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Student VoiceStudent voice is the term used to embody and characterize the specific behavior and distinct perspectives of young people across various learning institutions that focus primarily on education. It empowers students and endows them with the ability to influence learning to integrate contexts policies, principles and programs.
Student voice represents the individual as well as the collective outlook and attitude of young people within the framework of education. It has been regarded in schools as both a figurative practice and as a practical and utilitarian concern.
Student voice work is based on the following principles:
* Young people have distinct viewpoints when it comes to the concept of education which includes schooling, teaching and learning.
* Their perspectives command not only the attention but also the understanding and responses of adults.
* They ought to be given active participation in shaping their education.
A number of typologies characterize the different practices that fall within the context of student voice. One determines and establishes the multiple roles for students in all respects of the education system, such as education planning, research, teaching, analysis, decision-making and advocacy.
The presence of student voice is viewed as crucial to the educational process dating back at least to the time of John Dewey, or even earlier. Dewey is renowned for his publications concerning education and his ideas have been influential to educational reform. It was in 1916 when he started writing extensively about the need of engaging student perspectives and experience in the curriculum of schools. His support for student voice was epitomized by this statement:
"The essence of the demand for freedom is the need of conditions which will enable an individual to make his own special contribution to a group interest, and to partake of its activities in such ways that social guidance shall be a matter of his own mental attitude, and not a mere authoritative dictation of his acts."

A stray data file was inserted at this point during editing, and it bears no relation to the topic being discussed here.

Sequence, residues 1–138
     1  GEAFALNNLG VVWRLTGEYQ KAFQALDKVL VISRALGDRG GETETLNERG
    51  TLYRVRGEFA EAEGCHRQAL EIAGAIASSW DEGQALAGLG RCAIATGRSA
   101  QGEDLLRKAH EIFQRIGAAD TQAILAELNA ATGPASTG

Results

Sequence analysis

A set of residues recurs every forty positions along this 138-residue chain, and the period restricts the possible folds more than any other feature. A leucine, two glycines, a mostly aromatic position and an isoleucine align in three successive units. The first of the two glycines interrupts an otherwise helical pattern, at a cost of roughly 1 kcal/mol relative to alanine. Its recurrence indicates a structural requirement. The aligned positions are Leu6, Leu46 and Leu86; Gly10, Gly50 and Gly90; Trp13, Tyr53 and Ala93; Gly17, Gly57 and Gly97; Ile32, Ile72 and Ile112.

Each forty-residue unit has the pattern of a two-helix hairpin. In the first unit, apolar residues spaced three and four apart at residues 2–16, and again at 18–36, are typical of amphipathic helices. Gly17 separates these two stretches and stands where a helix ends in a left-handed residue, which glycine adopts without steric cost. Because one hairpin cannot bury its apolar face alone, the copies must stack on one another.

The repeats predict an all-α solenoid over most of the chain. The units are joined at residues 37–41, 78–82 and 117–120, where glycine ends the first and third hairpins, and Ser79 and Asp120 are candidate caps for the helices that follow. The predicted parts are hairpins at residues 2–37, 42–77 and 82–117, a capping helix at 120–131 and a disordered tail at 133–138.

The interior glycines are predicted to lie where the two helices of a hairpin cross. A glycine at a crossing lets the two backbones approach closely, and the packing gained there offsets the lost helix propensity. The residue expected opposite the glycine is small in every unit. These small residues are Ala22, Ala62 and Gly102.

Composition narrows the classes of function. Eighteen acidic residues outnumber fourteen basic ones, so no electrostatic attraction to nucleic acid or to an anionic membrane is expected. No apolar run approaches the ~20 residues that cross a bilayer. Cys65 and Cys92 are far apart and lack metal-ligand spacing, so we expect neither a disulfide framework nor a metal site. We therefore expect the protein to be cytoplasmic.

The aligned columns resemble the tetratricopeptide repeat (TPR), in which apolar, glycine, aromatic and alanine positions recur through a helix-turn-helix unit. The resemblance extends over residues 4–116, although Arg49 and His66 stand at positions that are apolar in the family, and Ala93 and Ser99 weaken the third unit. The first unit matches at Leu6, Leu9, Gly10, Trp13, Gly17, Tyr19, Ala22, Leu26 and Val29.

Student voice is currently seeing a resurgence of importance as it has been increasingly identified by a growing body of literature as a significant factor throughout the educational process. Specific areas where advocates are actively pushing for the acknowledgment of student voice include curriculum design and teaching methods, Scholastic leadership and educational reform activities.
There are certain types of activities that can particularly incorporate student voice; such activities include school planning, teaching, research, decision-making, learning and instructional analysis, educational advocacy, and student advisories for school authorities.
The main objective of service learning is to actively engage student voice, which normally aims to relate learning objectives with community service opportunities. Student voice is likewise present in student leadership programs, practical education activities, and other forms of student-centered learning activities.
Students as Education Decision-Makers
The main concept behind engaging students as educational decision-makers is to teach young people to be responsible for their education by methodically engaging them in making the right choices about the education system “ from what affects individual students, to what affects the entire student body, and what affects the school system as a whole.
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CESJ is a a Special Interest Group (SIG) of the American Educational Research Association (AERA)